Inquiring Minds.

27 Aug

I am now over here & here.



29 Jul

AB's Dream Garden

There has been a sense of quiet that has settled in my life since I last posted. My anxieties over school, work and raising Annabelle simply settled. There was a bit of a chaos that descended on us at the end of last year.  But once it was gone, everything just suddenly seemed so simple.  I used to crave complexity. I wanted things to be messy and involved. I wanted to feel. I now find that to be quite naive.  Now, I just want to keep it simple.  Simply for AB.

Our twosome is quite lovely. We are happy. Down the road, we might be open to an addition, but for right now it’s just me and the kid. And that is okay. It is actually kind of perfect.

Just a few of the simple AB-related things that bring me joy:

  • She randomly kisses my wrist as we walk down shady tree-lined streets holding hands.
  • She is plotting out the garden that she will one day plant for her grandmother.
  • She respects my skills enough to allow me to be her assistant for said garden.
  • She has decided that Frida Kahlo is her favorite artist.
  • She thinks that Tom Hanks name is Joe Fox.
  • She calls Jeep Wranglers “Gilmore Girl cars” and insists that is the only car for us.
  • She loves Harry Potter almost as much as I do.

Yesterday she told me, “You are my favorite person in the whole world.” I was relieved to find the feeling was mutual.

Schooling While Mothering.

13 Nov

I never dreaded returning to school. I never longed for the summer to be eternal. I was always very excited. New clothes, new supplies, new classes. The sweetness of the promise that this could be The Year.

AB was promoted to the next level of classes and she has been over the moon because now she is with the Big Kids. I’m jealous of her eagerness. The eagerness to learn, to do something new, to play. Her inquisitive nature has grown exponentially. She wants to know why things are they way they are. Why leaves are on the ground, why the moon is in the sky, why there is a fence around the grass, why that woman’s hair is pink…why, why, why? I do pretty well at first, but there is always another “why” waiting for me, so I eventually I must concede, “Well, I’m not really sure.” I have yet to reach the point of exasperation with all these whys because I find it fascinating.

All this leads me caused me to reevaluate my approach to law school as this past year was quite haphazard. I fluctuated between approaching it like a job then trying to be like the other students and it just plain did not work. I was left exhausted and frustrated. However, I did learn some valuable lessons that I’ve been able to implement this year which have made for a much smoother ride on this road called Schooling While Mothering.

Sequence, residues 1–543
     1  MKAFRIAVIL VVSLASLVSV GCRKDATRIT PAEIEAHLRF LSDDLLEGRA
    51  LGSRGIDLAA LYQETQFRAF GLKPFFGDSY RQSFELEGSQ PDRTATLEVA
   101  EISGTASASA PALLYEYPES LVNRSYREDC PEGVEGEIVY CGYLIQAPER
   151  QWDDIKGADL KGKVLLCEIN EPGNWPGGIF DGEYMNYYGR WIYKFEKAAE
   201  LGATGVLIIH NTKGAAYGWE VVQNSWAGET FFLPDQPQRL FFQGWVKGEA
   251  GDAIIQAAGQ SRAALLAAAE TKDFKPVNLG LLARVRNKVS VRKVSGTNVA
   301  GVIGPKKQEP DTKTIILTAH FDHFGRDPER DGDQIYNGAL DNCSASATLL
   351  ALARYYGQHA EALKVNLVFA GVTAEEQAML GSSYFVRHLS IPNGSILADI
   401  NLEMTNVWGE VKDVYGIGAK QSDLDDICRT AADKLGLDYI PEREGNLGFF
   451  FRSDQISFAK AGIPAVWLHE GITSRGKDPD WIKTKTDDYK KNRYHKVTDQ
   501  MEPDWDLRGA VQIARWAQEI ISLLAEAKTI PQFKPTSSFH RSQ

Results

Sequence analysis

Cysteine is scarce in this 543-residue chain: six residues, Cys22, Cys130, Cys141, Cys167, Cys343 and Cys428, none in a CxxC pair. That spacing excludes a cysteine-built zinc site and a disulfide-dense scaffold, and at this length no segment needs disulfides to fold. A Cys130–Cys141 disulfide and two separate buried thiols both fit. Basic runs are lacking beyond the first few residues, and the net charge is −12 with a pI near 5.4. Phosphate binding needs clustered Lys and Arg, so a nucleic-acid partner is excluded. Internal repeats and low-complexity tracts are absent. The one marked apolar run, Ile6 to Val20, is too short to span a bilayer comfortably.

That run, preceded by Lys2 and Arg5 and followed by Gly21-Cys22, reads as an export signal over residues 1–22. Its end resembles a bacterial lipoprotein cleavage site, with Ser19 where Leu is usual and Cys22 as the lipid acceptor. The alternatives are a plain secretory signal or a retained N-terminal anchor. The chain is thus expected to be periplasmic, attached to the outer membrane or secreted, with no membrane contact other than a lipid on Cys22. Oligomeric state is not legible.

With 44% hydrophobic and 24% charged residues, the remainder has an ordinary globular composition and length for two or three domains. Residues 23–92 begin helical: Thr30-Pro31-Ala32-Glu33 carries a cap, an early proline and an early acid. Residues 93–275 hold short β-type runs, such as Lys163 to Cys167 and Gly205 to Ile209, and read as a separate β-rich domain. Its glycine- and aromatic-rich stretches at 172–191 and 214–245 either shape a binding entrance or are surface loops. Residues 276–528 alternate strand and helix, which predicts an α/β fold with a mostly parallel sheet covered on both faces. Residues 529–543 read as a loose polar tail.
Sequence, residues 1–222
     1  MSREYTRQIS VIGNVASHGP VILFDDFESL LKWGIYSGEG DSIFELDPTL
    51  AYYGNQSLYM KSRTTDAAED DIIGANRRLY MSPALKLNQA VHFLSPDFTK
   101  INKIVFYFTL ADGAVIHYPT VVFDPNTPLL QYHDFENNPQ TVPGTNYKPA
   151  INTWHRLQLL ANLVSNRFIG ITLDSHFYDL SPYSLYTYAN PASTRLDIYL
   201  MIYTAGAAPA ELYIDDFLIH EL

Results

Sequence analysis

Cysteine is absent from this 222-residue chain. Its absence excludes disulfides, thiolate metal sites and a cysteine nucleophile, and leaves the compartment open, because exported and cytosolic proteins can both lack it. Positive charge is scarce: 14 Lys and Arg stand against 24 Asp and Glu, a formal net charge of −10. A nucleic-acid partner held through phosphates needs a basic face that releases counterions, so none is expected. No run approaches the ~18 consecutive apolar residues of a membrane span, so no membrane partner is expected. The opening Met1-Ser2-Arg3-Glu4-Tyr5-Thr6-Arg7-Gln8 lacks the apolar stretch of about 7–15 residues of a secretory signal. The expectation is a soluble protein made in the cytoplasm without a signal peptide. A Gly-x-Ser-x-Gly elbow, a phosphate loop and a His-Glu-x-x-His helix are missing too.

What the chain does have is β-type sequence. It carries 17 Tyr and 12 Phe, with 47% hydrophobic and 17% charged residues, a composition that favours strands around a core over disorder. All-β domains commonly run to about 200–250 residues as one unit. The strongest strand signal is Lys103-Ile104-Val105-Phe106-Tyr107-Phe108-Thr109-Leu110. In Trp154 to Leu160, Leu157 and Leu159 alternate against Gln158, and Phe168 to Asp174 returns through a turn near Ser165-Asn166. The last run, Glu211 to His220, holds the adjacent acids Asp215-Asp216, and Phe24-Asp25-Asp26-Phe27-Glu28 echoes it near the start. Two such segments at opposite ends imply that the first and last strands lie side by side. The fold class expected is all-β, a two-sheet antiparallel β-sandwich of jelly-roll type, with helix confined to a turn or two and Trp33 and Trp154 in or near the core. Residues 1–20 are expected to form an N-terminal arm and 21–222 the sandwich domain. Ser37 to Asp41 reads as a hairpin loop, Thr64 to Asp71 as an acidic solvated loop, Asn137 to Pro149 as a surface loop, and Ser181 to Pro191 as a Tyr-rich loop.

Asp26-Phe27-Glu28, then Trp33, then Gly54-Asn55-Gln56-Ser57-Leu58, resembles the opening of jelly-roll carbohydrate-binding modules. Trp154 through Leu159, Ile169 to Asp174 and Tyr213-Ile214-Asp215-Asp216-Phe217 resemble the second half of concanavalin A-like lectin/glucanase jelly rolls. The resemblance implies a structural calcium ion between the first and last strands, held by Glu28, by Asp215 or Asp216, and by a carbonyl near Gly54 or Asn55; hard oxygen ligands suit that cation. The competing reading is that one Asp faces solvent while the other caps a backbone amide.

1. Plan as if your life depended on it (because frankly, it does). Others may see you as anal or foolish, but your sanity depends on your life running like a well-oiled machine. Plus, if you have a routine down, then life’s hiccups (i.e. sick kid) will be much more manageable.

2. Carve out quality time for you just and the kiddo. I find that dinnertime and bedtime are the easiest ones during the week. While the weekend is precious study time make sure to set aside a few hours on Saturday and Sunday to take kiddo to the park, zoo or library. I mean, how often does kiddo get to hang out with you while the sun it out? It’s more quality time and it gets them tuckered out enough for their naps which gives you more productive study time…or procrastination time in which you veg out because you have managed to tucker yourself out as well.

3. Get up early and go to bed late. Acknowledge that coffee is your drug of choice and forever will be until you kids are at least 30 years old. I have come to believe that as long as there is a being in the world who calls you “Mom” or any variation of it, you will never get any rest.

4. Incorporate kiddo into study time at least once a week. There will be times when you just have to get some work down around the kiddo. To prevent pulling one’s hair out from all the interruptions, set up kiddo with some sort of activity and impress upon them the importance of that activity (i.e. ask them to draw the best dinosaur then can or fill the paper with as many squares as they can.) This will get you at least a good 10 to 15 minutes of uninterrupted studying.

5. Make time for you and take one night off a week. Turn off your brain. Watch or read something that requires as little thought as possible. Guilty pleasure it up to your heart’s content. Yes, that means go ahead and read/watch Twilight (even though you know you are to daggone old and the writing/acting is far from impressive) and eat that entire pint of Ben & Jerry’s Chubby Hubby ice cream (even though it way too expensive and totally unhealthy).

Bottom line: It’s only mothering…it’s not like your running a country or anything. (At least that’s what I keep telling myself.)

Do Not Eat.

15 Jul

Yesterday, I had settled into my seat on the train with my book prepared for a good 40 minute ride. At the next stop a pleasant yet dishelved looking woman got on and sat down beside me. Once the train started moving again, she squirted various fruity smelling santizers and lotions into her hand which she slathered on herself. I was slightly annoyed by the overpowering smell, but I got over it.

But then…

She pulled out a crinkly Starbucks bag, plunged her hand into its depths and pulled out a large bulbous muffin of some variety.  She then proceeded to consume said muffin, chomping noisly as crumbs tumbled down the front of her dress into her voluminous bag.  This was repeated over and over and over until finally the muffin had disappeared and she noisly crumpled the bag  and stuffed it into her bag.  Then she decided that she needed something from the bottomless pit of a bag. Objects and papers were pulled out and put back in only for a different set of objects and papers to be removed and then placed back in the bag. Finally she pulled out her iPhone and a water bottle. This whole rigmarole took a good 30 minutes. Basically the majority of my ride.